22 February 2012 Victimisation, Threats and Abuse - Disability hate crime revealed
Young disabled people are failing to report threatening behaviour and verbal and physical abuse in public due to a fear that these crimes will not be taken seriously,Trailblazers campaigners have warned today.
Watch us on ITV's Daybreak 22 February 2012: 41 mins
Trailblazers are urging police authorities to review their handling of disability-motivated hate crime, as a new report, Under Investigation, launches today showing that up to 80 per cent of young disabled people believe that the police do not take disability harassment and hate crime seriously enough.
Our survey reveals that:
- two out of three young disabled people have been taunted or verbally abused because they are disabled
- 62 percent of young disabled people say they have been or may have been the victim of disability hate crime
- only four out of ten young disabled people who completed the survey and have been harassed or abused, have reported the incident to a person in authority
- eight out of ten young disabled people who completed the survey think the police do not take disability hate crime seriously enough.
Trailblazers told of reluctance to report incidents of verbal abuse, spitting and confrontational behaviour, due to the belief that their local police force would fail to take action or that the incident was not ‘significant enough' to warrant police time.
Trailblazers is now calling for a nationwide initiative between forces to crack down on disability-motivated crime by building links with local disabled groups, providing alternative ways for reporting abuse, and reviewing approaches to recording and tackling incidents.
The Under Investigation report reveals that 60% of people surveyed said they had been a victim of disability hate crime, in contrast to the tiny amount of cases reported to the police every year. In 2010 only 726 cases of disability hate crime were prosecuted in England and Wales.
Marc Pyle from Swindon says that he has been faced with repeated incidents of verbal abuse from strangers, but only felt able to inform the police following a physical attack. He said:
People regularly taunt me for the way I walk, which has changed due to the muscles in my legs weakening. The perpetrators are usually big groups of men, who like to shout comments or mimic my walk. I've been attacked physically once, while at university in Newport. I was on the way to the pub with a group of friends, when a gang of young lads surrounded us on the pavement. My friends were able to run from the scene, but I couldn't and was kicked onto the floor.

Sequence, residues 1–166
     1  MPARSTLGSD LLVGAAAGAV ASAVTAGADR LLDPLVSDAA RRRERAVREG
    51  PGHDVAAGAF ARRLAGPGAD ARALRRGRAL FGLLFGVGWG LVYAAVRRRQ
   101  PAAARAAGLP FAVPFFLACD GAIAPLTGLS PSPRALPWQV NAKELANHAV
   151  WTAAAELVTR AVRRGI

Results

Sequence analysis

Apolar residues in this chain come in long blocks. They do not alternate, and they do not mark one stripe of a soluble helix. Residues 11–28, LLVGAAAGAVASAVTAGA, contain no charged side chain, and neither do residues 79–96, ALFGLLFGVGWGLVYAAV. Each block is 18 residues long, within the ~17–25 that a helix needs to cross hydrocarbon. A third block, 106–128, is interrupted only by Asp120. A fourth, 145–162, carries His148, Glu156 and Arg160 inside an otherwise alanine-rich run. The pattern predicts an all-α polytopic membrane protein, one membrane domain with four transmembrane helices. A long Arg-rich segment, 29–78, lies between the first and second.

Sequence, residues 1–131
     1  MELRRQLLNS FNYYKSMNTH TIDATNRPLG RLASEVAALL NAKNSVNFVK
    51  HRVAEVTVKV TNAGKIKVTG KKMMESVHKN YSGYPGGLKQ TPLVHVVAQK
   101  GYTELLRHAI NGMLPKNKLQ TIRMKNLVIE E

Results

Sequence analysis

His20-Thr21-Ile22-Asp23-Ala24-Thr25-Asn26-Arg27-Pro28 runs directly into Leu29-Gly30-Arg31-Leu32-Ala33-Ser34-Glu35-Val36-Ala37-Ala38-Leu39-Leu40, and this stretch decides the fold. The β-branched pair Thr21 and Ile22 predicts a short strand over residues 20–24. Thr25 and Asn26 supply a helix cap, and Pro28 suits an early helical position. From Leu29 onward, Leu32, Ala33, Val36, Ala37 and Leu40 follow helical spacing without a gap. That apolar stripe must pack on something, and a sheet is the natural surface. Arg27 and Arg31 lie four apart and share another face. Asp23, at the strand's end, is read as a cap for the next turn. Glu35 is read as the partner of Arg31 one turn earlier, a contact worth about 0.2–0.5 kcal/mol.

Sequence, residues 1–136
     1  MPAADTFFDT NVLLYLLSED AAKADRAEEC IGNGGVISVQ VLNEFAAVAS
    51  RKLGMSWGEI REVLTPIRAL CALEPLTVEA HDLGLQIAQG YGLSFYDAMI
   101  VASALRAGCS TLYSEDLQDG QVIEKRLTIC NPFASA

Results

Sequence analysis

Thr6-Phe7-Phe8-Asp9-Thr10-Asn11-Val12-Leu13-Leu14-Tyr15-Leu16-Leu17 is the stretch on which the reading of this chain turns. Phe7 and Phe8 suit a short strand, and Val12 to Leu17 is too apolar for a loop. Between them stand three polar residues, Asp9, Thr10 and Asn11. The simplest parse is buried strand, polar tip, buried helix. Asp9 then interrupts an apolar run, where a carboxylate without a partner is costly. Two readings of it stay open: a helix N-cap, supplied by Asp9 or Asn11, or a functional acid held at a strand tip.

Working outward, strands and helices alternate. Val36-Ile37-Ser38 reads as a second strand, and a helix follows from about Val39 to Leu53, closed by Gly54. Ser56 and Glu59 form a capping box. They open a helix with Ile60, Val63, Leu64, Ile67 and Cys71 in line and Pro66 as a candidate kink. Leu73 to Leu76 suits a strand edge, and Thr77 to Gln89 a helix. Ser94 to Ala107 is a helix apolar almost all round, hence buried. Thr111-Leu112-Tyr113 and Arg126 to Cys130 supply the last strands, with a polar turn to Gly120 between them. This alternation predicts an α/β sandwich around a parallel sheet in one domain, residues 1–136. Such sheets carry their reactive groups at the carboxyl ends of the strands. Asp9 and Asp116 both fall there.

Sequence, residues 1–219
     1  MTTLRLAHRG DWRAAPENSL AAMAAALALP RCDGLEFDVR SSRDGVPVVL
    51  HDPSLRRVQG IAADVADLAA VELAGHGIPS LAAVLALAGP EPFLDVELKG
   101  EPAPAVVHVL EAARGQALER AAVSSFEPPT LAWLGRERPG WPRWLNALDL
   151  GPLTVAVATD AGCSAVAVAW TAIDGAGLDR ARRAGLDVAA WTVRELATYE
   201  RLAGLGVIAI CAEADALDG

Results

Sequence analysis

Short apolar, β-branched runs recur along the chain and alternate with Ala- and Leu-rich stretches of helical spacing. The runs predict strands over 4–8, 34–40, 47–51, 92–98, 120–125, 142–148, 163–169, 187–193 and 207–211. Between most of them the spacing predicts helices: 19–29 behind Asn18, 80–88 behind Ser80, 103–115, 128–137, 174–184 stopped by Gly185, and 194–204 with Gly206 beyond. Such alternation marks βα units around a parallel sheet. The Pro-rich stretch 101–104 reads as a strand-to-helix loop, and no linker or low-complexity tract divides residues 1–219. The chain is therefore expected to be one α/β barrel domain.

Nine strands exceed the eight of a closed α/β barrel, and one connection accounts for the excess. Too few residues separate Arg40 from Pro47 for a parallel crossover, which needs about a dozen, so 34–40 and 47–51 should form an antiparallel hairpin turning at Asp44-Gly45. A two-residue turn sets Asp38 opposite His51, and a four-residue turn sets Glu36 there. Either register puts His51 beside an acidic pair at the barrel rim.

Having been beaten up for being disabled it seemed fair enough to report this to the police. However, they didn't really seem to care. It took three hours for them to get to the scene and as no one was prepared to act as a witness they said there was nothing they could do.
Becky Oughton from Lancashire tells how after experiencing a violent incident in a nightclub she was reluctant to contact local police. She said:
I was attacked a while ago and decided not to report it to police as I had no faith they would do anything about it. My husband used to be a DJ, and I often joined him when he was working in clubs.
One evening I was approached by a stranger who claimed to know me. She and her friends encircled me. She started claiming loudly that she had been to school with me and that I wasn't disabled then. Aside from this being utterly untrue, like most muscle-wasting conditions, mine is progressive - I could walk as a teenager but my disability is getting worse the older I get. I tried to diffuse the situation, but she refused to listen. She lunged at me and grabbed my hair, and tried to pull me out of my wheelchair by it. It was only because my husband saw what was happening from the DJ booth and cut the music dead that the bouncers came over to intervene.
Since the attack Becky's local police authority has proactively invested resources into tackling disability-motivated crime, leading her to feel greater confidence in reporting incidents. She said:
At the time I didn't think there was any point in reporting it to the police. I faced this kind of aggression so regularly that it didn't seem to be worth bringing it up. However, Lancashire police force has done a lot of outreach work since then. I'm now confident that next time it happens people in authority will take it seriously. If the police don't tolerate disability motivated abuse, then neither do you.
Bobby Ancil, Project Manager of the Muscular Dystrophy Campaign Trailblazers, said:
It's disturbing that in 2012 young disabled people are still facing these kinds of offences.
Many of those who tell us about incidents of unprovoked abuse and threatening behaviour have no idea that they have been victims of a "hate crime" in the eyes of the law. People feel that attacks have to be sustained and physical for the police to take them seriously, and that sadly, day to day intimidation and verbal abuse must just be tolerated.
I hope this report inspires the victims of hate crime to report the abuse they face and that the police start working effectively with disabled people's groups like Trailblazers to put an end to this shameful situation.
If police forces are to regain the trust of young disabled people and tackle the underreporting of intimidation and abuse, we need to see both willingness and ability to do so across each and every police authority. We need a joined up approach."
Samples of press and TV coverage
Read more on this story in today's Independent newspaper
Listen to Tanvi and Krishna discuss the issues further on BBC Radio London between 10am and 11am today.